When Your Tech Goes Off the Rails

Well, I’ve got my first week of school in the books, and… it went pretty well! Having been out of the classroom for a year, it took my teacher brain a few days to engage, but now I feel back in my element.

What struck me this year, after my hiatus, is that there are so many logistical items to be taken care of in a classroom. One nice thing about having a 1:1 classroom is that those paper logistics are nearly gone - I didn’t have pages and pages of opening-week activities to photocopy, I don’t really need turn-in baskets for my students’ papers, and the file drawer built into my teacher desk suffices for all my paper storage needs.

But the technology logistics. Those are a thing. I honestly believe that technology glitches are hugely responsible for some teachers’ reticence to try a 1:1 environment in their own classroom. And they’re not wrong to feel that way - it is so inconvenient and nerve-wracking when instructional technology doesn’t work!

In the spirit of trying to develop my resilience and grit in dealing with those types of problems, here are some tech glitches I experienced last week, and how I handled them:

  1. My LMS (Learning Management System): When I was notified that I had been granted a cart of Chromebooks for my classroom, I was encouraged to enroll in a self-study course on how to use the Canvas LMS. What I learned is that Canvas is pretty sweet - it seems user-friendly for both teachers and students, and it has a ton of features. Only problem was, the district hadn’t quite gotten the knack of connecting Canvas with PowerSchool, and it didn’t look like it was going to be ready for the first day of school. Solution: I bailed on Canvas, at least for this semester. I went back to what I knew - Google Classroom. Lesson: If the shiny new thing you’re trying to learn isn’t working, it’s okay to go back to what you know in the service of getting the job done.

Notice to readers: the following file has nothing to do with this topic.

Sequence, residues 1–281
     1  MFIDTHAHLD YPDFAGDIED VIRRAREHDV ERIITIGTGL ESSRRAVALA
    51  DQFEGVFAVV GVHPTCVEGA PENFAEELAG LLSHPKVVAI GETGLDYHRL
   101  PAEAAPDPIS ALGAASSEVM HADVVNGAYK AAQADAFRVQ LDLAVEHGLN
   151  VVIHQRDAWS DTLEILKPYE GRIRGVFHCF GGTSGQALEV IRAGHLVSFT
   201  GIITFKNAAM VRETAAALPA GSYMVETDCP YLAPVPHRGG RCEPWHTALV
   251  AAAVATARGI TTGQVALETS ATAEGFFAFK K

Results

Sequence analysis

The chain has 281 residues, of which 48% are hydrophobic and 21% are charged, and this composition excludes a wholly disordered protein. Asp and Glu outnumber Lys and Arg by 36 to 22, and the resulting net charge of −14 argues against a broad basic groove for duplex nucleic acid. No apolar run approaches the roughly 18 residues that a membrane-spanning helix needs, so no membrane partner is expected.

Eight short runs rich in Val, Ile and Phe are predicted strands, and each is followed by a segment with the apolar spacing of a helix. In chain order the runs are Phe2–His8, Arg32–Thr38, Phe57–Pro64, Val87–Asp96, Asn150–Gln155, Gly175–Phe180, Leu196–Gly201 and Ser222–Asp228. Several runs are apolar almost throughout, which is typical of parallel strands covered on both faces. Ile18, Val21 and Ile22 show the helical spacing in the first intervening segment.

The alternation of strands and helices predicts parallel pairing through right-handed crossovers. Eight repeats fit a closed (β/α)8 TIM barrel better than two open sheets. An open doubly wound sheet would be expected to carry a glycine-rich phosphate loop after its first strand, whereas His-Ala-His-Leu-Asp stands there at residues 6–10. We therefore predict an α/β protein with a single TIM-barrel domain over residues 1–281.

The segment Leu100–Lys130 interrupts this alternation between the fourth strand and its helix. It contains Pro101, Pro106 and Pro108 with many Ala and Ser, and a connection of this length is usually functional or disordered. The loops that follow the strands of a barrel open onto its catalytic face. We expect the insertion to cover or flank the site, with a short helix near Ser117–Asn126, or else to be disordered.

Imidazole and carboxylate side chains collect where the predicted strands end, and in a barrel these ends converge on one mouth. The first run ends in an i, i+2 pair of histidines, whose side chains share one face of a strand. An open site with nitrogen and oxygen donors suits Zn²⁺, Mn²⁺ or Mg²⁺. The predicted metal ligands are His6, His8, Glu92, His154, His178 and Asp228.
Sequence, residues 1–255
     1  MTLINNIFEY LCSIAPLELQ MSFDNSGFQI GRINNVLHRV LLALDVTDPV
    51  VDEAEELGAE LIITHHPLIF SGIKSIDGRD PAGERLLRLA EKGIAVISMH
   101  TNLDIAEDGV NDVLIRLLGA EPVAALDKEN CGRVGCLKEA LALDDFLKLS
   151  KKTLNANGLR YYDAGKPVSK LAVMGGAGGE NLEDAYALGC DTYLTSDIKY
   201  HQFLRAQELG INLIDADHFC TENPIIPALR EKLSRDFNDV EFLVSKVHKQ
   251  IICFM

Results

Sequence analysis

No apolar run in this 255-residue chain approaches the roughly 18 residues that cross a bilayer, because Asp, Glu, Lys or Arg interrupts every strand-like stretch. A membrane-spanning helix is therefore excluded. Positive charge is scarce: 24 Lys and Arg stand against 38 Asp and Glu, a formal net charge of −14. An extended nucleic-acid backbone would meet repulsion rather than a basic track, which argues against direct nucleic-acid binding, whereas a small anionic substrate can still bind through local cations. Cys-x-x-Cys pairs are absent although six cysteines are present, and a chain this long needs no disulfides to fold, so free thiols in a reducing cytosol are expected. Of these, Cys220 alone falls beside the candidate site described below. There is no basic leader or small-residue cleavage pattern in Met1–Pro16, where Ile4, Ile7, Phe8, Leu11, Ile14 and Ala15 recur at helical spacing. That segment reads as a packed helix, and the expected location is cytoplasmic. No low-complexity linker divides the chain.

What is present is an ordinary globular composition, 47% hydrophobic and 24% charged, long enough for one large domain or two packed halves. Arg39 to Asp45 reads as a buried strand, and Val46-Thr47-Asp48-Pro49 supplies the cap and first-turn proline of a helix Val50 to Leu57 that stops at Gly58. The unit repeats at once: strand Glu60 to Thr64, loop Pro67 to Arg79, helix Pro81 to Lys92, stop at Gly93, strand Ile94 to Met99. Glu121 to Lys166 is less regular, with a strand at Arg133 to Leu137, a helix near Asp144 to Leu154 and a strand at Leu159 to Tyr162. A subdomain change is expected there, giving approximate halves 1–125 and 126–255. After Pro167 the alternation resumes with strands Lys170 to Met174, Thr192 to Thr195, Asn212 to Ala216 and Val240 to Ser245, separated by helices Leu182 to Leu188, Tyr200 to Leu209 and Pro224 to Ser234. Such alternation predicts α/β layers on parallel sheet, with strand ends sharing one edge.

2. My Printer: Even though I have a 1:1 classroom, I still occasionally need to print things! For example, I needed to print audition forms for the first play auditions of the school year. I had been issued a new laptop from the IT department, and I plugged the existing printer in my room into this laptop via USB. Only trouble was, the laptop didn’t really recognize it (this is when I miss my MacBook). Solution 1: I relied on a friendly colleague next door for my printing during the first few days of school. Lesson: Don’t be afraid to ask for help. Sometimes you don’t have time to mess around with figuring it out yourself. Solution 2: After the week calmed down a bit, I spent 10-15 minutes doing a more thorough exploration of my computer, and I found a way to get the computer and printer talking to each other. Lesson: Don’t be afraid to poke around and try fixing things yourself, when you have the time. The best way to become more comfortable with technology is to use it, break it, and fix your mistakes.

  3. My Students’ Logins: Right from the first day of school, I had several students whose logins didn’t work on the Chromebooks. This was problematic, since I wanted to start instruction right away, and I had things set up for us to heavily utilize the Chromebooks. Solution: I asked Chris (technology guru that he is), and learned that when a student is new to the district, they must first log in to a full-featured PC before their login will work on a Chromebook. Lesson: It’s a good idea to plan some buffer activities for those first few days, so that any initial login glitches can be resolved.

 

The Big Lesson

Overall, what all these glitches had in common as they played out in my room is that they were things I just had to deal with. No gnashing of teeth or cursing or throwing Chromebooks out the window was going to help - I had to find a way through the problem.

And finding a way through problems like these involves:

  • Knowing who in your building or district can be most helpful to you - in my case, it’s our instructional technology coach and our assistant principal

  • Staying cool, especially in front of the students - letting your anxiety get the better of you while you’re trying to manage a roomful of kids never ends well

  • Tinkering around with unfamiliar hardware and software - this is the best way to learn

As the days go on, these things will get easier and easier. Login issues will resolve themselves, and the kids and I will become more fluent in our processes. However, these tips are worth remembering throughout the year, as I’m sure I’ll be experimenting with new technologies and processes along the way.

Here’s hoping some of this was helpful, or at least good food for thought.

What are your biggest technology hurdles? How do you handle them?

Erin DickeyComment